• Yes I am familiar with this idea, just didn't recognize the equations. If the step in velocity across the joint is $\Delta \vec{v}$ and $\Delta \vec{\omega}$ then I would model the joint with $$\vec{F} \cdot \Delta \vec{v} + \vec{T} \cdot \Delta \vec{\omega} = 0$$ Is this what the equations do above? Is it a power balance? – ja72 Mar 9 '17 at 13:29

Consider a joint connecting bodies  and . I use following expressions for the joint kinematics

\begin{align} \mathbf{v}_2 & = \mathbf{v}_1 + \mathbf{x} \dot{q} \\ \boldsymbol{\omega}_2 & = \boldsymbol{\omega}_1 + \mathbf{z} \dot{q} \end{align}

where $\mathbf{x} = \left( \frac{\partial \mathbf{v}}{\partial \dot{q}} \right)$ and $\mathbf{z} = \left( \frac{\partial \boldsymbol{\omega}}{\partial \dot{q}} \right)$, and all linear velocities are measured at the top of the joint (on body ).

Equal and opposite forces $\mathbf{F}$ and moments $\mathbf{T}$ act on the two bodies from the joint. If the moments are expressed on the top of the joint also (just a velocity) then the following equation is used to either find the joint acceleration or the joint force

$$Q = \mathbf{F} \cdot \mathbf{x} + \mathbf{T} \cdot \mathbf{z}$$

For example consider a revolute joint with $\mathbf{x}=0$ and $\mathbf{z} = \hat{k}$. Then any reaction force $\mathbf{F}$ is allowed, since $\mathbf{F}\cdot 0 = 0$. The reaction moment has to have a torque along the $\hat{k}$ direction of value $Q$ since $\mathbf{T} \cdot \hat{k} = Q$.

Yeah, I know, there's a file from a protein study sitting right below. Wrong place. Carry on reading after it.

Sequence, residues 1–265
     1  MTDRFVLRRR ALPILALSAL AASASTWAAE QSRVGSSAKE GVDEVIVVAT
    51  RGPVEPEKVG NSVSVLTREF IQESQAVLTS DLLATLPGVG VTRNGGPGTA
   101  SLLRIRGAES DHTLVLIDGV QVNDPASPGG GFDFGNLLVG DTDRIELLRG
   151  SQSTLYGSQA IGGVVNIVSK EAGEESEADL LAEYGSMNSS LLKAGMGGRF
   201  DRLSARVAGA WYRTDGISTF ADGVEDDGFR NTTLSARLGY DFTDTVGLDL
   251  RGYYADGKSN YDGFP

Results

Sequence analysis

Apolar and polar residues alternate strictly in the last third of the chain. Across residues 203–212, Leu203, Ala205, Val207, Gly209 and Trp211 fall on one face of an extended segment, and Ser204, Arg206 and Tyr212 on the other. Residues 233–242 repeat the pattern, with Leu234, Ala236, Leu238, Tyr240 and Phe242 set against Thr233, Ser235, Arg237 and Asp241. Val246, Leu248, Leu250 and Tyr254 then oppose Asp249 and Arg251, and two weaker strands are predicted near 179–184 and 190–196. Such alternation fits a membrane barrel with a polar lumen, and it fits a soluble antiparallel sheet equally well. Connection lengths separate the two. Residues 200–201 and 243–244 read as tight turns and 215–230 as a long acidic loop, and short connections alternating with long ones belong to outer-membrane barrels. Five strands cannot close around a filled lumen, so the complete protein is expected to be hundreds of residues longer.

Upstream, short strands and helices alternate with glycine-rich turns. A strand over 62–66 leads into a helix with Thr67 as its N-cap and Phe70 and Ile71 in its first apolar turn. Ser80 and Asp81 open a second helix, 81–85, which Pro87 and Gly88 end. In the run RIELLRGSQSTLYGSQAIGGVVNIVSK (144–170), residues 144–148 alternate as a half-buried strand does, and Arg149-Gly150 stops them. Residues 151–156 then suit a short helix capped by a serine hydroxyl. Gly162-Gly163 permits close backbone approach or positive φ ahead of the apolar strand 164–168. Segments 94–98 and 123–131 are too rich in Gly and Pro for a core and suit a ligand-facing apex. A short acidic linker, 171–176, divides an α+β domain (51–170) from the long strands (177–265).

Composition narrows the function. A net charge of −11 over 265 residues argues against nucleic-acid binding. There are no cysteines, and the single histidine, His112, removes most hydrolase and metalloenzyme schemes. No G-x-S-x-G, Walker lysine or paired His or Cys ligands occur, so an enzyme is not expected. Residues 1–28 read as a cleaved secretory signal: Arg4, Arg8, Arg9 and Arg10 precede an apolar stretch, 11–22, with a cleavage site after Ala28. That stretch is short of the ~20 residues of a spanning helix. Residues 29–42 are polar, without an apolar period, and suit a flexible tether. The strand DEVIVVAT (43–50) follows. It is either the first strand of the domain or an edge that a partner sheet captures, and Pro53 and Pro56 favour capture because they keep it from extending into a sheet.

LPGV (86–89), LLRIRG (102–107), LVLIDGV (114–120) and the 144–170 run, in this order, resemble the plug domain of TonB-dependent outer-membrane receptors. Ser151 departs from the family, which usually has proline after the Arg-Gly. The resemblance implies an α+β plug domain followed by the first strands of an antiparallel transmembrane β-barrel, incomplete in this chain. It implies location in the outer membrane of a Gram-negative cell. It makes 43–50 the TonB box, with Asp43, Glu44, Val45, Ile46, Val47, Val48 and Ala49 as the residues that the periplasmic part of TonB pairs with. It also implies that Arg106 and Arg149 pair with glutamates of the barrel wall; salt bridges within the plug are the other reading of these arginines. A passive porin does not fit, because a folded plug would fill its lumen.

In addition, the reaction forces are not directly specified, but a result of a free body diagram and the equations of motion

\left. \begin{align} \mathbf{F}_1^a - \mathbf{F} & = \dot{\mathbf{p}}_1 & \mathbf{F}_2^a + \mathbf{F} & = \dot{\mathbf{p}}_2 \\ \mathbf{T}_1^a - \mathbf{T} - \mathbf{r}_1 \times \mathbf{F} & = \dot{\mathbf{L}}_1 & \mathbf{T}_2^a + \mathbf{T} + \mathbf{r}_2 \times \mathbf{F} & = \dot{\mathbf{L}}_2 \end{align} \right\}

where $\mathbf{r}_i$ is the position of the joint relative to the body center of mass, and the superscript $\square^a$ indicates applied forces/moments.